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BMC shows off design and manufacturing capability with project bike
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Rachel makes the move to 27.5in wheels
Furbo is Italian for clever, and ever clever Robbie McEwen (Davitamon-Lotto) won his second stage of the 2005 Giro d'Italia today in Marina Di Grosseto, a stage that was expected to be for all the sprinters to contest, but in the end it wasn't. Ale-Jet Petacchi, who won a record nine stages at last year's Giro, was looking forward to arriving home in Tuscany, with his beautiful wife Chiara waiting for him, riding his Fassa Bortolo silver train to finally win a stage at this year's Giro. Perhaps Petacchi should have looked at a calendar, for a win for him was not to be. With his silver train steaming away with three kilometres to go, Matteo Tosatto overshot a 90 degree right-hand bend and took down the entire Fassa Bortolo team, including Petacchi, ending any chance for a sprint victory for the sputtering Ale-Jet.
Once Fassa Bortolo had self-destructed, McEwen's Davitamon-Lotto squad took control of the situation with 2km to go. No team was sure what to do, so with a clever tactical move, McEwen sent his teammate Henk Vogels on the attack to force the other teams to chase and that they did. As Vogels started to slow in the last 500m, McEwen just sat back until just the right moment and then blasted off the front of the group to win the stage in a classic display of Aussie criterium tactics as applied to a ProTour stage finish.
It was the third win in seven stages for Australian rider [not counting virtual wins - ed.] and a clearly delighted McEwen told Italian TV, "It was a beautiful win for me...the final circuit was very complicated and after Fassa crashed, my team went to the front. I told Vogels to attack and let the others chase. But I realized when the others were starting to sprint that it was impossible for Vogels so I went full gas. I'm sorry for Henk, but for the team it was a bello, bello, bello win."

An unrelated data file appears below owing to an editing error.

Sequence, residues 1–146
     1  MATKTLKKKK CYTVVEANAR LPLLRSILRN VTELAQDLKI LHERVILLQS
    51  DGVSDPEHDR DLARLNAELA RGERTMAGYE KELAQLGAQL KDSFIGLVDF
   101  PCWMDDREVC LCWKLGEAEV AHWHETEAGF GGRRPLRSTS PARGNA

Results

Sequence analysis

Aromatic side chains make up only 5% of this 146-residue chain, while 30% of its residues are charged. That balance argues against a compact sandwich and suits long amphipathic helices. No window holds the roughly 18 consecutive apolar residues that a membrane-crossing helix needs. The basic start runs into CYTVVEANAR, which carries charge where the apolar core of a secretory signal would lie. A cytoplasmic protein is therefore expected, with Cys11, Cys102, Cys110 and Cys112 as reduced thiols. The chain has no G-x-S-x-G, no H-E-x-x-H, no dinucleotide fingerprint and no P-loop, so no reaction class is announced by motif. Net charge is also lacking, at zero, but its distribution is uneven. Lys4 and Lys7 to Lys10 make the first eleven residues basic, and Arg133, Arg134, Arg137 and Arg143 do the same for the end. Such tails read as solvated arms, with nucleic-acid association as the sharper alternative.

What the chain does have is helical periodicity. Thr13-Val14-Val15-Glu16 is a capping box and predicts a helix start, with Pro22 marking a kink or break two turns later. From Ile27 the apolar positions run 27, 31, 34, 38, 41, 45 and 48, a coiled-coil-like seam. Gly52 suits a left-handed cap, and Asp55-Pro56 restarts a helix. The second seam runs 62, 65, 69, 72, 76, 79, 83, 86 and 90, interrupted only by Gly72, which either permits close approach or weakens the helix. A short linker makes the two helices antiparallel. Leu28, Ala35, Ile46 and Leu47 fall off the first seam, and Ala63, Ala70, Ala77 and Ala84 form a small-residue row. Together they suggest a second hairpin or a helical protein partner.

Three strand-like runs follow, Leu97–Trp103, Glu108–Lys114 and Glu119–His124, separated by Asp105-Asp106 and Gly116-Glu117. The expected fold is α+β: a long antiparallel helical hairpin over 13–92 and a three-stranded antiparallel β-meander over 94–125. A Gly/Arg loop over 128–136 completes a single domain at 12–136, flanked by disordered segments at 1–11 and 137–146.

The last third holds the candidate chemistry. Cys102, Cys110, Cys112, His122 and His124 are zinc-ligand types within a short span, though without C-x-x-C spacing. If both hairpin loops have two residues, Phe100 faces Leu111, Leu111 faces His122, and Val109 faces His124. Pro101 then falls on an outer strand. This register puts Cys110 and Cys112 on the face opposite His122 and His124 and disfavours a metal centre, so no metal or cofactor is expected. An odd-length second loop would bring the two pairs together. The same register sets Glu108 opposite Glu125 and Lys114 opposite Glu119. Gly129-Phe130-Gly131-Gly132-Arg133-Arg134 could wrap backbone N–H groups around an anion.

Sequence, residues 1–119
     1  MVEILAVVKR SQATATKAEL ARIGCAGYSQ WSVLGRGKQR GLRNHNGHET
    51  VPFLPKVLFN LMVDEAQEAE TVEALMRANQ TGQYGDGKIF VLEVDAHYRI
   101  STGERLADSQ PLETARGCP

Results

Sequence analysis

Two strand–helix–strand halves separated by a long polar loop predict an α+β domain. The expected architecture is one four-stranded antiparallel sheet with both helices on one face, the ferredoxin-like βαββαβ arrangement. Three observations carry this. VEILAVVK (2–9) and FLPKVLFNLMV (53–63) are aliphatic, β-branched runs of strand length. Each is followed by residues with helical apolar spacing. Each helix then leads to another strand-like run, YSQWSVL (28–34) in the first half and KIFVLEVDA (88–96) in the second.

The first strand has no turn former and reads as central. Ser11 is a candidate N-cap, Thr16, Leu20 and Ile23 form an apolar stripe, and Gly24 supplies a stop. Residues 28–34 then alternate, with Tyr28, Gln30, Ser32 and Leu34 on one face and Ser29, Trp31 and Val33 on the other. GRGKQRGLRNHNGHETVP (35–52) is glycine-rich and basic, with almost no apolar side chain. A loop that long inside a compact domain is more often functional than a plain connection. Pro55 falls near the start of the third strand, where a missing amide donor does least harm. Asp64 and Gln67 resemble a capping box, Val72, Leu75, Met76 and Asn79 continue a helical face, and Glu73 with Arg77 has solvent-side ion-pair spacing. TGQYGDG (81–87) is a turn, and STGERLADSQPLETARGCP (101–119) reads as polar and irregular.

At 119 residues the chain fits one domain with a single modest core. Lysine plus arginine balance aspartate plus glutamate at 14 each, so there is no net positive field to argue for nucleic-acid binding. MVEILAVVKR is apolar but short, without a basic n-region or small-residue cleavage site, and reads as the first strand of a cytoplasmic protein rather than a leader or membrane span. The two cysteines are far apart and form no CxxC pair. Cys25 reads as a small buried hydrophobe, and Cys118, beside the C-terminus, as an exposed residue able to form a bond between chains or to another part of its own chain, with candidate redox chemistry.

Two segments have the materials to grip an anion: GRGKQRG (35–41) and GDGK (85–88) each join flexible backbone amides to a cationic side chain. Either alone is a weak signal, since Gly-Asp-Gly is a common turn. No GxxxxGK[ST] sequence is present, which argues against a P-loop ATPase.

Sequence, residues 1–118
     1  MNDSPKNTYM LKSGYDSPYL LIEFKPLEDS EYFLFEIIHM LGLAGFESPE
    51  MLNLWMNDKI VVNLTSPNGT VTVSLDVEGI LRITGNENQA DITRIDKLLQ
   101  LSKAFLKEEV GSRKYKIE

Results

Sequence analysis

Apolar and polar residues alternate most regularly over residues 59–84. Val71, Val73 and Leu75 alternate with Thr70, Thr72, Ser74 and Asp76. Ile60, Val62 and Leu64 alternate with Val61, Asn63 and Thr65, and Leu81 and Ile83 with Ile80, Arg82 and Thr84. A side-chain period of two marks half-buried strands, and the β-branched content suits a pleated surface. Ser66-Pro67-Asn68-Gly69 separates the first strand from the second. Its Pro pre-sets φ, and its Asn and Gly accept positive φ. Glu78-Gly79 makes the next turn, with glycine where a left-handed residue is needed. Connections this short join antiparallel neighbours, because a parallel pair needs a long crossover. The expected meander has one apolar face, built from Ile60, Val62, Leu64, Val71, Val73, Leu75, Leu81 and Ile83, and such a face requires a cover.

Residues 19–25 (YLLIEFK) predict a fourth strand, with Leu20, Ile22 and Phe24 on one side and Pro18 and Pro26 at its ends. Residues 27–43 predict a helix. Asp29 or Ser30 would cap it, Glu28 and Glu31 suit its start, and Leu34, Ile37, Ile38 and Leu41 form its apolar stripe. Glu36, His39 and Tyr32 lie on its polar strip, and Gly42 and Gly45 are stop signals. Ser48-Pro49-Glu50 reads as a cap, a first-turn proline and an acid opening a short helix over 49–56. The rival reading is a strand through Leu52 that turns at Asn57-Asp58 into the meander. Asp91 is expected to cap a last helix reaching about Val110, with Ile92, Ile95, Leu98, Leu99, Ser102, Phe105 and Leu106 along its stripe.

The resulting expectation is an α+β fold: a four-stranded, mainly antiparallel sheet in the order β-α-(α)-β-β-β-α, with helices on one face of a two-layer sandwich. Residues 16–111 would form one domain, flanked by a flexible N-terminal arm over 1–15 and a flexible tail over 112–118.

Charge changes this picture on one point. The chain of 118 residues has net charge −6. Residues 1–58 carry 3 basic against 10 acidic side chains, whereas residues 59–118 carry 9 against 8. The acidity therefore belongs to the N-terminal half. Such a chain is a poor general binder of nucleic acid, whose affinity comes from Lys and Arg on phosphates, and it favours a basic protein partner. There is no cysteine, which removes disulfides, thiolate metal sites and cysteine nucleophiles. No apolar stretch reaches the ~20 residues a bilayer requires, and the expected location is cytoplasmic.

Henk Vogels missed out on his present from McEwen, but was still very happy with the team's victory. Vogels explained the final kilometres to Cyclingnews: "I got caught behind the crash with Petacchi, but we had Christophe Brandt in fifth position and I said 'just get me up the front'. We were doing about 50 km/h after the crash, Christophe took me directly to the front, and dropped me off with 2 km to go. Then I just wound it up at the front to 60km/h, and Robbie just let the gap go around the a couple of corners. I had 100m lead and I saw 1100m to go. I dropped it in the 11, stood up and went full gas. I saw the Panaria guy right up my arse but he wasn't going to catch me before the finish. I think Robbie knew the peloton was coming fast so he just had to go. Cooke and Kirsipuu were very itchy, and [Robbie] felt that if they were going to get me, then he had better win it.
"We were the ones on fire. We were the winners on the day. It shows that we are the team to be reckoned with, it's a great result," finished a very pumped Vogels.
After finishing the stage 2'00 behind McEwen, a disappointed Petacchi said ,"Our train came off the tracks today..it's too bad because I wanted to do well here in Toscana. But that happens. I have to be patient. I hope there will be some more chances to sprint like in Ravenna or (Rossano Veneto)."
After Paolo Bettini took the 0'06 Intergiro time bonus in Manciano, he knew he would be the new maglia rosa in Marina di Grosseto. Bettini is from Cecina, just up the Tuscan coast from Grosetto and had many of his tifosi at the stage finish today. "Today I realized from the feelings in my legs that yesterday I did too much. It was good that today was a short and relatively easy stage. So I managed to take back the maglia rosa and tomorrow will get to ride through Tuscany wearing the most beautiful colour of the Giro!"
Although Danilo Di Luca had to hand over his maglia rosa to Bettini after just one stage, he could be happy that he was able to change it for his elegant white ProTour leader's jersey. Liquigas-Bianchi had decided to look down the line and not defend Di Luca's Giro lead. "We decided to save our team, especially because tomorrow is a tough stage. We want to have as many riders as possible for the last week of the Giro, so it went well to have the maglia rosa for at least one day. We want to have the riders to support Garzelli and Cioni in the last week of the race."